I tell him that in my online research, Roku is getting better reviews. It is more flexible and open and may eventually be one of the online leaders.

And although the Roku has a USB port for pictures and videos, he wants something easier. The Apple TV does something that the others currently do not, which is connect with his iMac.

Yes there’s WiFi and of course he can use NetFlix on both of them, but my father wanted something much more utilitarian. He wants to show photos from his iMac on his television. He wants it to be easy and instant. No USB keys, no file transfers, and no wires. And if you’re already a Mac user, you want Apple’s ease-of-use. It’s all about UX.

Roku views pictures, but only if you tap into streaming Facebook. That Roku Facebook channel is fine for the pictures that you’ve uploaded, but we have too many family photos to upload for that to be practical.

Tapping directly into iPhoto is something that only Apple TV can do right out of the box. There’s no need to run cables or copy files to a USB. Apple’s closed ecosystem makes a lot of sense, particularly when the user is a senior citizen who just wants to use his stuff. Apple’s walled-garden approach offers a level of comfort, consistency, and compatibility that you cannot always achieve buying components.

For me, the flexibility and scalability of the Roku is perfect. It’s exactly what I need, since my primary interest is NetFlix and web-video streaming. I am a digital power user who blogs, tweets, uses TV apps, and reads ebooks.

For my father, the Apple TV is ideal because it becomes part of a series of networked devices that work well for people who want it to work with the minimum of technical experience.

If you’re in the market, I hope this little story-based scenario was helpful to you. Good luck and drop me a line if you have any specific questions about what you should buy.

Aperture from App Store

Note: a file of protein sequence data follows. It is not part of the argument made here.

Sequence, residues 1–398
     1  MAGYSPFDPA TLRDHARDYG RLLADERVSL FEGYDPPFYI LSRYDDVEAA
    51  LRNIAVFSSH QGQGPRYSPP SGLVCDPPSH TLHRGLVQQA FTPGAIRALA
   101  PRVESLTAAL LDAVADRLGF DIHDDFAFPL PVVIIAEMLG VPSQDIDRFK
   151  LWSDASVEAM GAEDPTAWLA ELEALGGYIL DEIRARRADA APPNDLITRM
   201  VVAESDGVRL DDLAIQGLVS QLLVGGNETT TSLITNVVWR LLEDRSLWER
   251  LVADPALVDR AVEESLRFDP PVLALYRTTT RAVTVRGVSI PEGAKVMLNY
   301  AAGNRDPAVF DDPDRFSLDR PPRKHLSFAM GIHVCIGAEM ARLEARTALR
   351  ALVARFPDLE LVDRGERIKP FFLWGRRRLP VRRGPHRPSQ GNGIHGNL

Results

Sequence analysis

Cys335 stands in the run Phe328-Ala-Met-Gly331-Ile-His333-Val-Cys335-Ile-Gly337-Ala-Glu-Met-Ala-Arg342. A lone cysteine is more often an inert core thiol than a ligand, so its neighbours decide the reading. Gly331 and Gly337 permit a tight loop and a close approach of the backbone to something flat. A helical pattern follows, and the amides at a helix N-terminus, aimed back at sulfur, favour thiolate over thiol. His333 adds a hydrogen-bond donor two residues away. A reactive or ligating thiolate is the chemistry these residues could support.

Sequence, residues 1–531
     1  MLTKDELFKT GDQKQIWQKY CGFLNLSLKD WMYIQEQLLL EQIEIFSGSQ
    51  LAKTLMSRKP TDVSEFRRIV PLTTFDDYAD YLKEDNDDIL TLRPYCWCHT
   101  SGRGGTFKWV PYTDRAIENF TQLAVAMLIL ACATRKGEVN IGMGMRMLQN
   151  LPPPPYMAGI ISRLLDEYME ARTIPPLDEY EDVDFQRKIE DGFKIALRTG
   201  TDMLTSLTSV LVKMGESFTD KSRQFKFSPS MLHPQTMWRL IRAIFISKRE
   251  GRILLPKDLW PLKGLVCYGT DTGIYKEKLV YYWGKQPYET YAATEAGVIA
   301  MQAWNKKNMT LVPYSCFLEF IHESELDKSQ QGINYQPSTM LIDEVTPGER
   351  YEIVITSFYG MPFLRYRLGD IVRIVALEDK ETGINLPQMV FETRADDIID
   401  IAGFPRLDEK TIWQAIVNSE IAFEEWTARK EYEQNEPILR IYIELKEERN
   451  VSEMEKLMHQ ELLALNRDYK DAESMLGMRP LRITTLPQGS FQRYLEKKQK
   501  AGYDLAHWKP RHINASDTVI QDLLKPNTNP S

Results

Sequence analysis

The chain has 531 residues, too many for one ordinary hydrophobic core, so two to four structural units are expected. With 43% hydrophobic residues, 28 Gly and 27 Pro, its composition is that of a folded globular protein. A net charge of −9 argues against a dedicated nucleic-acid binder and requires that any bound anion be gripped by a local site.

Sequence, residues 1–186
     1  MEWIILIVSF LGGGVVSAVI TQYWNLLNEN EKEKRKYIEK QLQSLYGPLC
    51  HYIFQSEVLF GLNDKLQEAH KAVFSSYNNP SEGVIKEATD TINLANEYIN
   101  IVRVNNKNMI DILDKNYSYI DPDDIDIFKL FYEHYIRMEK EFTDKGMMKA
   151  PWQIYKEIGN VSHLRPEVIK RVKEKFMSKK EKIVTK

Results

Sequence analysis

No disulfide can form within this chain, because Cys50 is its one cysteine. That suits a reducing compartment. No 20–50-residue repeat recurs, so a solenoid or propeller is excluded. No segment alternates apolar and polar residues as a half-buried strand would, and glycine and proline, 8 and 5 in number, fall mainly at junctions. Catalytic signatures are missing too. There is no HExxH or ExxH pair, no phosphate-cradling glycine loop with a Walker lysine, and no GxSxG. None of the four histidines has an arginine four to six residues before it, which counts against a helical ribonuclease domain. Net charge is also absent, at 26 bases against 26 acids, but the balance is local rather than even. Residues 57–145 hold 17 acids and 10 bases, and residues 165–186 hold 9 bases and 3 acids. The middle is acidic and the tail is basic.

It's easy to download full applications like Aperture from the Apple App Store.

This weekend, I broke down and bought a copy of Apple’s Aperture software. As a Mac user, I am typically very happy with the core software that comes with iLife, but I just needed something more powerful. And the Apple App Store has been daring me to purchase something from it.

As a published photographer with three photography books in Amazon and Barnes & Nobles, I figured that I needed something slightly more versatile for organizing images. iPhoto is okay, but it’s just not up for the task of organizing a huge library of pictures.

I’d dabbled with Adobe Bridge, which is part of the Adobe Creative Suite, but found it to be a bit slow and clunky. I’ve also tried out the Extensis Portfolio package, which was really quite good for $199. It allowed a lot of flexibility in storage and organizing. But as I moved from my old Mac G5 to my new iMac, I wanted something that would be a little more universal. That is, I’d never met another person who used Extensis Portfolio and I was concerned that, if I had a problem, I would have limited support options.

If I get a new computer, I don’t want to do what I am doing now, which is trying to upgrade multiple files and software packages.

Apple's App Store sells Mac software

Anyway, after doing entirely too much research, I downloaded Apple’s Aperture. In the stores, it costs $199. In the Apple App Store, it’s only $80. That’s the full version, not the upgrade.

The App Store was a pretty smooth and intuitive process. It just billed the purchase to my iTunes account and installed the Aperture application on my computer. I have no idea what will happen if I get a new computer, but for now, I feel pretty good about downloading software and not getting discs and a serial number.

Installing and using Aperture is a standard Apple experience. Everything works, and you feel good about your purchase. No wonder iPhones and iPads are flying off the shelves. People like a good user experience and simplicity goes a long way. Usability is important for end users, even power users and professionals.

Now comes the task of organizing and tagging 70,000 photos.